http://www.elespectador.com

Falleció Joe Arroyo

Por: ghernandez | Elespectador.com

El músico cartagenero Joe Arroyo falleció este martes 26 de julio de 2011 en horas de la mañana (7:45 a.m.) en la clínica La Asunción, donde estaba internado desde el pasado 27 de junio en la unidad de cuidados intensivos debido a una neumonía, una crisis cardiaca y una insuficiencia renal.

Elespectador.com logró constatar la lamentable noticia con la oficina de prensa de la clínica La Asunción, al tiempo que la esposa del músico confirmaba la noticia en Caracol Radio.

El arzobispo auxiliar de Barranquilla, monseñor Víctor Antonio Tamayo, había impuesto ya el lunes por la noche los santos óleos al cantante caribeño.

“La verdad es que vi al Joe bastante malito. Por un rato estuve con él y sus familiares rezando por su salud y le apliqué la unción de los enfermos, que es lo que se hace en estos casos”, señaló monseñor al momento de salir de la clínica.

Arroyo había sido sometido el pasado martes a una traqueostomía con el fin de mejorar su respiración y evitar que su voz sufra algún tipo de daño por cuenta del respirador artificial.

Una neumonía, una crisis cardiaca y una insuficiencia renal habían determinado la hospitalización de Arroyo, cuyo estado de salud se agravó de manera paulatina, según los partes médicos ofrecidos en su momento por los médicos que lo atendían.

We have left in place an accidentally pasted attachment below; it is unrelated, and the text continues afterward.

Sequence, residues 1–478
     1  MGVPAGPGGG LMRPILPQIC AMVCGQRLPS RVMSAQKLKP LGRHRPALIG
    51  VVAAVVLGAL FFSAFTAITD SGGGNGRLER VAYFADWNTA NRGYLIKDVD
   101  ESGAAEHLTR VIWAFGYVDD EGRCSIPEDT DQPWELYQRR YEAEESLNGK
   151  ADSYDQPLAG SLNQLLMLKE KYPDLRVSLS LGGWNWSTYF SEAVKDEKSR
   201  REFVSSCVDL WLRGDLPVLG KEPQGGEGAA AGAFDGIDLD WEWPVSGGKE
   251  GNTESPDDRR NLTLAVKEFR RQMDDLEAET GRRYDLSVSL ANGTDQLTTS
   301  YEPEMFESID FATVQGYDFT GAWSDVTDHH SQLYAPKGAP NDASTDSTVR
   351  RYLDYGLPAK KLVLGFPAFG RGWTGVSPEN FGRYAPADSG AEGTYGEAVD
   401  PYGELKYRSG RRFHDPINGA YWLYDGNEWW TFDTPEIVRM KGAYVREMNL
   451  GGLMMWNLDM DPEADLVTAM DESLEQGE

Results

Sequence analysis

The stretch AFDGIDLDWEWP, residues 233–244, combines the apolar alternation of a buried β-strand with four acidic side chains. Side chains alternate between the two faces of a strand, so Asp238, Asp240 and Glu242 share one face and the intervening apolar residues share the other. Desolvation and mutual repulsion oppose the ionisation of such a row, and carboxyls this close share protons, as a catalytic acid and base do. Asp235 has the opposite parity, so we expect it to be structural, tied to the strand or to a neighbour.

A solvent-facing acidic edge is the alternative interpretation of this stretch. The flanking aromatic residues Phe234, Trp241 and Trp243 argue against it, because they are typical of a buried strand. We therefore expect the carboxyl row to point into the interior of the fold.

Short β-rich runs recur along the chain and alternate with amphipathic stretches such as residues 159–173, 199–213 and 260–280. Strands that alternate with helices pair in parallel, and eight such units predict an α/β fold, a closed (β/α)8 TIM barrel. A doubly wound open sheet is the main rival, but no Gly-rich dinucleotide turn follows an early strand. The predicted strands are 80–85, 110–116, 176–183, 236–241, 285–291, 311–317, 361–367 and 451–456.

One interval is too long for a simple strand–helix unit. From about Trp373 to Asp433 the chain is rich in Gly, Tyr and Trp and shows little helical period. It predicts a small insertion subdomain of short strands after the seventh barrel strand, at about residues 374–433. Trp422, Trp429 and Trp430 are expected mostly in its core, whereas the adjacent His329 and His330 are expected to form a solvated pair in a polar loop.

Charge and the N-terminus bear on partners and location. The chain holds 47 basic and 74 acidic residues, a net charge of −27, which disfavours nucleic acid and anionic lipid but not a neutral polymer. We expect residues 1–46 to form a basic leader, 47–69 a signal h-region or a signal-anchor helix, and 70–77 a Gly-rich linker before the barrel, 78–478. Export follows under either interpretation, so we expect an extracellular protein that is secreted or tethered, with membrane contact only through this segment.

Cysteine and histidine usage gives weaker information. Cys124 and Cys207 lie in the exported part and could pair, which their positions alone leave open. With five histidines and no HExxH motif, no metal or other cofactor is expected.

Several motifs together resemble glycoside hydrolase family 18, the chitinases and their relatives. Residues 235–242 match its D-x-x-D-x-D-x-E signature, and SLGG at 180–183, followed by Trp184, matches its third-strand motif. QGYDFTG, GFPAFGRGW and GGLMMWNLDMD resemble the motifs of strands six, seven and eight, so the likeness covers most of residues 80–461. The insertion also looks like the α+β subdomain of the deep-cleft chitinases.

Arroyo había sido ingresado en La Asunción el pasado 27 de junio y desde entonces fue sometido a un tratamiento que incluía la diálisis y la sedación, además de la respiración asistida.

La suerte del creador del “joesón” mantuvo en vilo a sus seguidores en el país, entre ellos el presidente colombiano, Juan Manuel Santos, quien en su momento hizo “votos por su pronta recuperación” en un mensaje por Twitter.

“Lamento la muerte de Joe Arroyo, una gran pérdida para la música y para Colombia. Toda mi solidaridad con su familia y seres queridos”, escribió Santos por la misma vía tras informarse del deceso del artista.

El manejador de Arroyo, Luis Ojeda, y quien acompañaba a la esposa del artista en la sala de cuidados intensivos en la que se hallaba el cantante y compositor, dijo a la cadena Caracol Radio que “él estaba sedado”.

Ojeda, quien representó al artista durante 28 años, destacó su vasta producción, de “un sinnúmero de canciones” que reunió en más de 150 producciones.

“Hay como 300 canciones más”, agregó el manejador, quien resaltó que Arroyo “era un tipo noble, un ser de gran valía, un gran cantante, un gran compositor”.

“La rebelión”, “El caminante”, “El ausente” y “Tania” son algunos de los éxitos en la discografía de Arroyo, quien había nacido en Cartagena en noviembre de 1955.